HOLYOKE — With elbows grounded and neck cocked down and to the right, Sean Sumner looks his robot in the eye, calculating the necessary adjustments for the robot's pivoting arm.
He deliberates with his partner, Judy Bennett, over the seesaw relationship between arm span and stability as Bennett rummages through a crate for the Goldilocks attachment — one that can't be too short or too long.
The crate brims with Legos, which come in every size imaginable. And it will be these Legos that will form the bones and muscles of the robot that Sumner and Bennett are bringing to life (once they solve their mechanical conundrum).
Sumner and Bennett, along with five other pairs of participants, spent one recent morning building robots as part of a Lego robotics challenge — an international program known as FIRST Lego League that calls on kids ages 9 to 14 to build and program their own robots.
The challenges and tasks have become increasingly complicated over the years. And while the Lego League has grown in popularity among kids, there are not always enough adult coaches to keep up.
Colleen Shaver, assistant director of the Robotics Resource Center at Worcester Polytechnic Institute, said an "intimidation factor" shrouds the world of robotics and discourages parents and teachers from signing up.
"The parents are concerned they won't know enough," said Shaver, whose center will host the regional Lego tournament this year. "The kids are more open-minded. They're less intimidated than adults by the idea of getting it wrong and trying again."
But earlier this month, that generation gap disappeared: The room full of excited parents and teachers at the Massachusetts Green High Performance Computing Center was indistinguishable from a seventh-grade classroom on the last day of school. They gathered as part of an initiative based at the University of Massachusetts Amherst called Coaches Connect — a workshop that aims to familiarize parents and educators with concepts in computer programming. One of the goals is to ensure students have support to one day pursue a career in related fields.
"For parents and coaches, they sometimes don't know what the technology is all about," said Renee Fall, project manager of a different UMass Amherst initiative that works to boost representation of women and people of color in technical fields.
"Here," she said, parents and coaches "realize that they can learn largely by their own exploration. They realize they don't have to have all the answers [for students], but they can learn together."
The workshop, now in its fifth year, grew out of a one-day program called Girls Connect, which works to balance out the gender differences in the Lego League by encouraging middle school-age girls to build their confidence in the field. More and more teams emerged out of that effort, and Fall and her colleagues realized they needed similar workshops aimed at adults.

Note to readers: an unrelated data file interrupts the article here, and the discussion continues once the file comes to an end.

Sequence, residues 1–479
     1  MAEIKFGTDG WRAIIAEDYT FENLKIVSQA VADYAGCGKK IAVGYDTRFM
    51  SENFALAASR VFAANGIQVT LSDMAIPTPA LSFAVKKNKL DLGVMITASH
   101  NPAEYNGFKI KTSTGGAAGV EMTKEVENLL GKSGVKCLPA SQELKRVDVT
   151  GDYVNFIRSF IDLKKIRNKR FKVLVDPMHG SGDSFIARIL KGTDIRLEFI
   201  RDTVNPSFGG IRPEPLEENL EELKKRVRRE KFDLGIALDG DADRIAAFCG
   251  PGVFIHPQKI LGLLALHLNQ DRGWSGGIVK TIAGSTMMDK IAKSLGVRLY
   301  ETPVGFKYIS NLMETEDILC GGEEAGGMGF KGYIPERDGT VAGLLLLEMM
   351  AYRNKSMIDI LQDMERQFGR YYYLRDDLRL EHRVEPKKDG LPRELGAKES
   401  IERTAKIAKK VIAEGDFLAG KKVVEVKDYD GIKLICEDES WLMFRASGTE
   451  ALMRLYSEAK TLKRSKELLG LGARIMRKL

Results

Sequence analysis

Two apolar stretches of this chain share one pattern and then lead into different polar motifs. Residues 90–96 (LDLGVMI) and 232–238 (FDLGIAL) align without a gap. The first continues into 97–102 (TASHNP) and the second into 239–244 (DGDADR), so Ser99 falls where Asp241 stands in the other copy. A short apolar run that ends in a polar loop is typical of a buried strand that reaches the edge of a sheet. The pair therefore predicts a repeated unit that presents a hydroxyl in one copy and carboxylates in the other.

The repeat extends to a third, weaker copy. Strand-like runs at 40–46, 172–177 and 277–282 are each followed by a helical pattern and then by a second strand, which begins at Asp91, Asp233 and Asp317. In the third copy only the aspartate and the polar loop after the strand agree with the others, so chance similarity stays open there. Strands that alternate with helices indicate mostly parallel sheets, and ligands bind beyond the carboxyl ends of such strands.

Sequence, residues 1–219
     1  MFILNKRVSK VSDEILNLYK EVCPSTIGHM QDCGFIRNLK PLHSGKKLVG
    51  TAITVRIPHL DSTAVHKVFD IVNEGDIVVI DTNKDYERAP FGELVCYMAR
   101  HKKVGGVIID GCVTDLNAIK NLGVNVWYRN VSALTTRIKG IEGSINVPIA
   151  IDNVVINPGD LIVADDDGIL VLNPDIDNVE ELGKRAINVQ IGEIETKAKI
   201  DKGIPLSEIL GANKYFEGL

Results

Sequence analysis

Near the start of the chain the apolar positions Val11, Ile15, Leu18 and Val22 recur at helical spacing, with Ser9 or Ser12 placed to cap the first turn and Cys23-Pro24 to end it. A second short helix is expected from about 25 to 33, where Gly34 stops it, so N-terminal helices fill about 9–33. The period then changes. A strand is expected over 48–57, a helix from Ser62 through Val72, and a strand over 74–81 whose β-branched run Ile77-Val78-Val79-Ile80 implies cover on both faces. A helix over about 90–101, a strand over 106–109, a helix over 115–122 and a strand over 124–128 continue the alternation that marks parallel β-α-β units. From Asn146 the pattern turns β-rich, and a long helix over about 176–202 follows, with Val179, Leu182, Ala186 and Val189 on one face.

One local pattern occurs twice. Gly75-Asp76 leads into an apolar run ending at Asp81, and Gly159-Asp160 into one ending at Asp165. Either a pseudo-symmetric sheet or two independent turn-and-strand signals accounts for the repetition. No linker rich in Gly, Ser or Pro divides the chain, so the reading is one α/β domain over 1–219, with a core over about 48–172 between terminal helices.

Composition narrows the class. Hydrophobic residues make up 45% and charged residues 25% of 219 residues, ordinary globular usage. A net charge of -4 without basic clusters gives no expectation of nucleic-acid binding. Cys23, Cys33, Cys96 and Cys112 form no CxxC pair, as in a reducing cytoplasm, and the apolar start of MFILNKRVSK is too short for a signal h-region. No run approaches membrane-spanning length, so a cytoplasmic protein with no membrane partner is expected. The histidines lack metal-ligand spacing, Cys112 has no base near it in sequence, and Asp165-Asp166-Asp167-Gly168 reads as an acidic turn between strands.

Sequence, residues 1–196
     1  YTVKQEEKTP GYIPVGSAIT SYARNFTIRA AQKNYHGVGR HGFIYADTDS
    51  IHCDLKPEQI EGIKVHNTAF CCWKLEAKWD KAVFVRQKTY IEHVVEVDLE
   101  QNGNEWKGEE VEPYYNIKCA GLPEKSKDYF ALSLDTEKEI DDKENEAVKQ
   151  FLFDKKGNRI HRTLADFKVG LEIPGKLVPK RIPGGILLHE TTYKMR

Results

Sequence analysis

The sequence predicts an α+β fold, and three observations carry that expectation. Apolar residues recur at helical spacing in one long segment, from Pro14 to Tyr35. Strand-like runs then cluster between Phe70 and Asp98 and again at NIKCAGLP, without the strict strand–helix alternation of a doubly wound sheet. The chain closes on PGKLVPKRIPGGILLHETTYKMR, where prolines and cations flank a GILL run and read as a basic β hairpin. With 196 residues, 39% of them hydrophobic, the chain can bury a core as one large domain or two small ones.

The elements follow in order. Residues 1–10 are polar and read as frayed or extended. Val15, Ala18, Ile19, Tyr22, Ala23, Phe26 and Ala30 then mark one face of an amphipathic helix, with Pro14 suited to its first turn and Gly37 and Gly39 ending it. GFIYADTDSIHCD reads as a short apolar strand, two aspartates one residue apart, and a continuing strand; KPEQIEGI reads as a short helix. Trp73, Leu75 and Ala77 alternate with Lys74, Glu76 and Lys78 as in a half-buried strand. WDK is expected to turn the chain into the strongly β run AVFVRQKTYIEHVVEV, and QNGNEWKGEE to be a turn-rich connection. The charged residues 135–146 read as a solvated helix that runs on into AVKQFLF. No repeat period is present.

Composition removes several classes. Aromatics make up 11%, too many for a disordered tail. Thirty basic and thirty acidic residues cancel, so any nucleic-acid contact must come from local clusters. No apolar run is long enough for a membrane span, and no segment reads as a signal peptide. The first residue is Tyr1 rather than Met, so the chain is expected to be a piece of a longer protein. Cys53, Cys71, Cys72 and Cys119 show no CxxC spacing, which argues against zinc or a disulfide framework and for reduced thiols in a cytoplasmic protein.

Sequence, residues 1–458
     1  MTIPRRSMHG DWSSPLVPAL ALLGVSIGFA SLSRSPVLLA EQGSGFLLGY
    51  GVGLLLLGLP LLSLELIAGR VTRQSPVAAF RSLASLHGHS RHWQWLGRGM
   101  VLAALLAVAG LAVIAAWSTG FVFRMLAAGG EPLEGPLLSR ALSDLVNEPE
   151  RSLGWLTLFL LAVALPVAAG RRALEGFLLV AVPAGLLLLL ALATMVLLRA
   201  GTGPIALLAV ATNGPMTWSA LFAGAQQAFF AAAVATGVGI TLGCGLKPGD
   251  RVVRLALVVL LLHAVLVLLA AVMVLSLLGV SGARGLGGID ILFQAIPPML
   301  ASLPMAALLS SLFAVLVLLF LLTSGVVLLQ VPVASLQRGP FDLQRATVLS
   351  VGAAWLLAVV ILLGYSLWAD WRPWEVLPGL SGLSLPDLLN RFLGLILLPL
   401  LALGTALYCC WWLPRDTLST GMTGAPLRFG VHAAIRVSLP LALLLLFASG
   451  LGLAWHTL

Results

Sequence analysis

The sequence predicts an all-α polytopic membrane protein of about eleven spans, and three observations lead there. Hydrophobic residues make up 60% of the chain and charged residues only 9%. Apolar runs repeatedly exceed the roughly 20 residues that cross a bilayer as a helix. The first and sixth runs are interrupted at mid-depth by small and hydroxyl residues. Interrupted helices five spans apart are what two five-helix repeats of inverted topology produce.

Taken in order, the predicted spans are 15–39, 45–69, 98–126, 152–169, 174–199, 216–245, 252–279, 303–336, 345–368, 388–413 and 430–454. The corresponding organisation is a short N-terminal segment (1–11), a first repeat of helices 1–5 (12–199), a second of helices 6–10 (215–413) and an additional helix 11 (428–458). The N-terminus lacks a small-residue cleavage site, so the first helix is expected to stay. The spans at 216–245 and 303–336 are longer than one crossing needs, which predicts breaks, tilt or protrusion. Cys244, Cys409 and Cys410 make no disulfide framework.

"There is no shortage of student interest, but without caring adults, it would be impossible to provide this experience for kids," said Kim Wierman, director of FIRST Lego League, a collaboration between Lego Education and For Inspiration and Recognition of Science and Technology, a nonprofit that fosters students' interest.
Sumner, who lives in Holyoke, has an 8-year-old son who has the Lego robot kit at home. The father wants to help his son and potentially coach a team.
As Sumner and Bennett's robot navigated a maze of obstacles and fulfilled its mission, their peers, circled around them, burst into cheers.
The guinea pig-sized robots are some combination of classic Legos and their modern descendents, including a system of gears, sensors for color or sound, and pincer-like arms.
What the adults did this month mirrors what kids do in their competition. In one Lego League task, kids must deliver a Lego man to the other side of the field. Whether they carry him in a basket or launch him with a catapult is up to them.
"Kids all start with the same robot kit, and we end up with 400 completely different robots," said Shaver, of Worcester Polytech.
Bennett, an eighth-grade science teacher at Greenfield High School, said the workshop for parents and teachers showed her how simple and intuitive programming can be. She plans to hold an after-school program to coach a team for the challenge.
"Not knowing anything about [programming] would have been overwhelming," Bennett said. "This gives people a starting point."
The software used in the program condenses chunks of code into simple building blocks, which users stack and arrange to give the robot a series of commands stored in its brain. Kids test different variations so the code can work correctly.
Through that process, students learn the fundamentals of programming, said Andrew Eaton, an instructor at Robotech Center, which teaches kids about technology.
In learning to code, "it's the idea that, if this happens, then this; if this happens, this will be a response," said Eaton, who participated in FIRST Lego League as a kid. "They can understand how code works. And once they understand how something works, they can be inspired to try more things."